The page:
c) means for communicating the test signal over the network to the object management system.
20. A system according to claim 19, further comprising a report process for reporting the attribute and the object if the test signal fails.
21. A method for testing the implementation of an object in an object management system, the object management system including a plurality of objects and procedures for accessing the objects, the object management system being accessible over a network and associated with a network-attached device, the method comprising:
a) automatically identifying at least one attribute of the object; and
b) determining if the object was implemented properly in the object management system as a function of an expected received value from the object management system.
22. A method according to claim 21 wherein the expected received value comprises a notification that an event corresponding to the network-attached device occurred.
Description
TECHNICAL FIELD

The present invention relates generally to network object management systems, and is particularly directed to a method and apparatus for validating that an object in such an object management system has been implemented properly.

BACKGROUND OF THE INVENTION

With the proliferation of local area networks and devices attached to such networks, monitoring and managing such devices has become increasingly important. There exist several protocols designed to enable network management of network attached devices, and many such protocols include a collection of objects and procedures for accessing the objects associated with a network attached device. For example, one relatively well known protocol for monitoring and managing network devices is the Simple Network Management Protocol (SNMP). Under SNMP, a network device has an object management system which includes an object database containing various objects relating to the network device, referred to as a Management Information Base (MIB), and agent software for querying and modifying the objects, referred to as an agent. A system being managed under SNMP also includes a management station running manager software which provides centralized control of the various network devices by communicating with the agent software over the network.

Manager software typically runs on a network attached computer and interfaces with a user through a graphical user interface. Manager software obtains information about the objects in the MIBs of the various network attached devices and allows a user to monitor, query or modify the objects in the MIBs. To monitor, query or modify an object the manager software sends a request over the network to the object management system. Agent software for examining or otherwise performing operations on the object examines the request, and if valid, carries out the request and sends a message back to the manager software. If the agent determines the request is invalid, for example the request is to write to an object which can only be read, the agent returns a message indicating an error.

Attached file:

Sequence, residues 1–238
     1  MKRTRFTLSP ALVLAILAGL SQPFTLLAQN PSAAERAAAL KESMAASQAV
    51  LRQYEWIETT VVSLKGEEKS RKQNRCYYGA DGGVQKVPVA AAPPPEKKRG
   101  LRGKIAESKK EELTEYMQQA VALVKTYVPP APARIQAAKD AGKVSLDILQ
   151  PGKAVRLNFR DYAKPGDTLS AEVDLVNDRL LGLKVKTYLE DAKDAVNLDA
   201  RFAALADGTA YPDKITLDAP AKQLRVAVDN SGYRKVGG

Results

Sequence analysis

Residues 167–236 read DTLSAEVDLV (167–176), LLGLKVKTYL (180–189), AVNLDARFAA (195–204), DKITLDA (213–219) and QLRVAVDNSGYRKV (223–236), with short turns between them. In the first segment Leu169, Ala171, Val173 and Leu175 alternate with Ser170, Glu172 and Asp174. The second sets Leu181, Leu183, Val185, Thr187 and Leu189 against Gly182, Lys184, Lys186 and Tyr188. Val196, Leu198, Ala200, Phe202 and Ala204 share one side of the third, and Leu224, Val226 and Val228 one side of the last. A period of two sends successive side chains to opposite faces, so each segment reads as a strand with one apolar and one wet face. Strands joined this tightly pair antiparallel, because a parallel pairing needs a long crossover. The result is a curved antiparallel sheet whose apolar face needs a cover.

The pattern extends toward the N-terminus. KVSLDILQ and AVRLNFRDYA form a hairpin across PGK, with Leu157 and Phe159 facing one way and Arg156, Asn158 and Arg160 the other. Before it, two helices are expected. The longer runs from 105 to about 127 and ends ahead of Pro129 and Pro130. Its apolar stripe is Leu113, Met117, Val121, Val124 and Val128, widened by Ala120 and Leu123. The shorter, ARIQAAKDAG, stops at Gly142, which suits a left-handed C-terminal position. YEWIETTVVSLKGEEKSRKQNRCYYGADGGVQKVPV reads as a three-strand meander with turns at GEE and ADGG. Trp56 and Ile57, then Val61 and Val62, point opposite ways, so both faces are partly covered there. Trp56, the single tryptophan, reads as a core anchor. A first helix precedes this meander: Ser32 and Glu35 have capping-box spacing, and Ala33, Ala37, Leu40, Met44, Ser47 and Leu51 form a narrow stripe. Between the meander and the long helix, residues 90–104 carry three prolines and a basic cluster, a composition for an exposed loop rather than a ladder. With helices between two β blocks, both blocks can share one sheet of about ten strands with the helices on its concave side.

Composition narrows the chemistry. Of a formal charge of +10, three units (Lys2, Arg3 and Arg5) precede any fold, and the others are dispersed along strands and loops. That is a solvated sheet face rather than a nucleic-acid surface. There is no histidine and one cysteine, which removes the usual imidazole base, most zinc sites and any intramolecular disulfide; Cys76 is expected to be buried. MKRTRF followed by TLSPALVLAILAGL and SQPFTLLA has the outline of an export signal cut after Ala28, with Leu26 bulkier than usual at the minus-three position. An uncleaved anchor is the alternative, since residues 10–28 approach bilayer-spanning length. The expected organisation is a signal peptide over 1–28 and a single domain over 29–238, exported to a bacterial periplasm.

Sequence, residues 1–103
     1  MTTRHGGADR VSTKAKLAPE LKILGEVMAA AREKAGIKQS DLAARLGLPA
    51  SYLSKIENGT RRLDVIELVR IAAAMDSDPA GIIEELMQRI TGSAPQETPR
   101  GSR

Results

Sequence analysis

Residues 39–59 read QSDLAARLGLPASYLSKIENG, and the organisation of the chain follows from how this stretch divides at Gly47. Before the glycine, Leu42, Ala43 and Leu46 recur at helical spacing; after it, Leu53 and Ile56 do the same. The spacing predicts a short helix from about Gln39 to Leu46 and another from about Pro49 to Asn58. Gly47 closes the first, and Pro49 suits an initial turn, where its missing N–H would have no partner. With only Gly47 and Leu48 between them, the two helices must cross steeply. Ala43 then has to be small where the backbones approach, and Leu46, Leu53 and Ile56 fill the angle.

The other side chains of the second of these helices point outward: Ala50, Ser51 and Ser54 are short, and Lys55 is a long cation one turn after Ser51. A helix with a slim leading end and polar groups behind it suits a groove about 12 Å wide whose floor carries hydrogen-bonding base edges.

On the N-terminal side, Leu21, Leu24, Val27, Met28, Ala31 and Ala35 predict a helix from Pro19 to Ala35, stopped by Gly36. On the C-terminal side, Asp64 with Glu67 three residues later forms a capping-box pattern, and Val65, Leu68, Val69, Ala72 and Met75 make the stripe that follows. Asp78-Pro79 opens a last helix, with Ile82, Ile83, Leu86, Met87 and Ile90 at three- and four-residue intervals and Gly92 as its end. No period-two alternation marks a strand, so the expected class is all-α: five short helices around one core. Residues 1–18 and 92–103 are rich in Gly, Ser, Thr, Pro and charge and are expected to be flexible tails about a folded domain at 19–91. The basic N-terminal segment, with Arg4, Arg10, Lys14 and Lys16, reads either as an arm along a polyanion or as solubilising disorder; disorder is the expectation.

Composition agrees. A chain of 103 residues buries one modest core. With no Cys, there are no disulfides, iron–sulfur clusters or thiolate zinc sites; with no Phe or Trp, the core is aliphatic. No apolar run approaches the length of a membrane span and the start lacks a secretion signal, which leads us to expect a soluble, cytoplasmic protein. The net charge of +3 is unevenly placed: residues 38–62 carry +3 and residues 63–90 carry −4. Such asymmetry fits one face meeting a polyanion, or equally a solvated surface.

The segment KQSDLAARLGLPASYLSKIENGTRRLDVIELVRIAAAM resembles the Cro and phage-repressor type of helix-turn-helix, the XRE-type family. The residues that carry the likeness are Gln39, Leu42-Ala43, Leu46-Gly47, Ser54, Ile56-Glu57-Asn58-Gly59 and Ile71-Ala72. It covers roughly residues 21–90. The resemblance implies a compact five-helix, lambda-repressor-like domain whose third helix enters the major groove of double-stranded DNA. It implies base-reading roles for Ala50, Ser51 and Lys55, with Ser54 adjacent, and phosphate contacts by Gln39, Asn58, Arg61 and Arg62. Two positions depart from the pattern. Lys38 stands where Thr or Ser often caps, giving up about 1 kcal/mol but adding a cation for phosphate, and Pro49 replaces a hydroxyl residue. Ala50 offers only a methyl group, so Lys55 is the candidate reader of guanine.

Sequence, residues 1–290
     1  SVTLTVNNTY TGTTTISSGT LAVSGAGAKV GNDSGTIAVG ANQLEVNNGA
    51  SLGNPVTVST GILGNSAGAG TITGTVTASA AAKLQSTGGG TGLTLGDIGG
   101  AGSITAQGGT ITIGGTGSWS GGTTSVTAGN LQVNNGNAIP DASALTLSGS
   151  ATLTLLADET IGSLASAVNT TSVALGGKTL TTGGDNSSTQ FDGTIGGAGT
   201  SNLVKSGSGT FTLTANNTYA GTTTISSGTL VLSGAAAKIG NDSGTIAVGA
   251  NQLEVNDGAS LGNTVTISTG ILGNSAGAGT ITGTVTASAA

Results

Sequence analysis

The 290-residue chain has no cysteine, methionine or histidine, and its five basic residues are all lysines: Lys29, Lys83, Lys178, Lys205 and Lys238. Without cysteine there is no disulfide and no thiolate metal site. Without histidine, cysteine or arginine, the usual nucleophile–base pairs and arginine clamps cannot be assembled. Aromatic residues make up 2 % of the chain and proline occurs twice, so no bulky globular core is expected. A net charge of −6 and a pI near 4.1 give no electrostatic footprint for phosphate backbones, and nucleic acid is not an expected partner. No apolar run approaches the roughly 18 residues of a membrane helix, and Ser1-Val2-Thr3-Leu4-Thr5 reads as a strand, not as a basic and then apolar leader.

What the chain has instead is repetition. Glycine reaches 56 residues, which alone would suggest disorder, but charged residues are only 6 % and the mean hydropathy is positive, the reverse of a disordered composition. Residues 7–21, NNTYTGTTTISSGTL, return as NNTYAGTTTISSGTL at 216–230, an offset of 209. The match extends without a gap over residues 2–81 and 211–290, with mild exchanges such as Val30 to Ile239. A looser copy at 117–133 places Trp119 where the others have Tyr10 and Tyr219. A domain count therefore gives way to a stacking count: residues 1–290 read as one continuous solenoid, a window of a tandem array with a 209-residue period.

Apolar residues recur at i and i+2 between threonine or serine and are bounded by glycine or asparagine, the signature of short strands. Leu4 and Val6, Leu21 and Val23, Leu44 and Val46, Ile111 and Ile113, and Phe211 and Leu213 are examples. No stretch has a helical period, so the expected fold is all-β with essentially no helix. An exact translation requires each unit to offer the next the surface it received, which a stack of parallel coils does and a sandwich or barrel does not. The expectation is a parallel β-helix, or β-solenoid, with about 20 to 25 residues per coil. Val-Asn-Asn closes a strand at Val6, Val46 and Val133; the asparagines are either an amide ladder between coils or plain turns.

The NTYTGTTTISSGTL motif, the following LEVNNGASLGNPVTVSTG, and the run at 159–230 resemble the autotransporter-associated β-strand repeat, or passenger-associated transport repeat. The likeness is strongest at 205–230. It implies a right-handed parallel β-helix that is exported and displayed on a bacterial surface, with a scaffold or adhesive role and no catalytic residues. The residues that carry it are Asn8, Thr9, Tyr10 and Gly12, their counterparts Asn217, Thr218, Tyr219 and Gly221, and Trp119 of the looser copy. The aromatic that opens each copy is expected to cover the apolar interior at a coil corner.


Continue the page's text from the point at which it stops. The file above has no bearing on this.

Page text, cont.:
In SNMP, the manager software typically obtains information about each network attached device's object management system via a MIB output file. A MIB compiler generates the MIB output file from one or more MIB input files, each of which contains the name of each object in a MIB structure, and the plurality of attributes which describe the objects and the valid operations which can be performed on the objects. The MIB input file reflects the objects and attributes associated with the objects as they were intended to be implemented in the object management system. The MIB compiler merges the one or more MIB input files and generates a MIB output file which contains the name of each object in the MIB and the plurality of attributes which describe the objects and the valid operations which can be performed on the objects.

For example, an object management system associated with a network device may contain an object entitled MaxSize. MaxSize has the attributes that it can be read and written (read-write) by the manager software, and can contain values between 10 and 100, inclusive. This information is entered into the MIB input file, and after being compiled, is stored in the MIB output file. The manager software reads the MIB output file and indicates to the user that the device's object management system contains a read-write object entitled MaxSize which can contain values between 10 and 100. The user of the manager software must assme that the developer of this MIB implemented this object properly in the object management system by developing agent software which allows the object MaxSize to be read and written, and which forbids any values outside of the range 10 to 100, inclusive. However, there is no guarantee that in fact the object was implemented properly in object management system. For example, the agent software may improperly allow values greater than 100 to be stored in the MaxSize object, or may forbid writing to the object.

In order to minimize such problems, developers of agent software develop test programs which test the agent, the objects and the attributes of the objects. Because each object usually has many attributes, such programs can be quite complex and time consuming to develop, and must themselves be tested and debugged. Further, the test program will necessarily have to be modified and debugged each time an object or an attribute of the object is modified.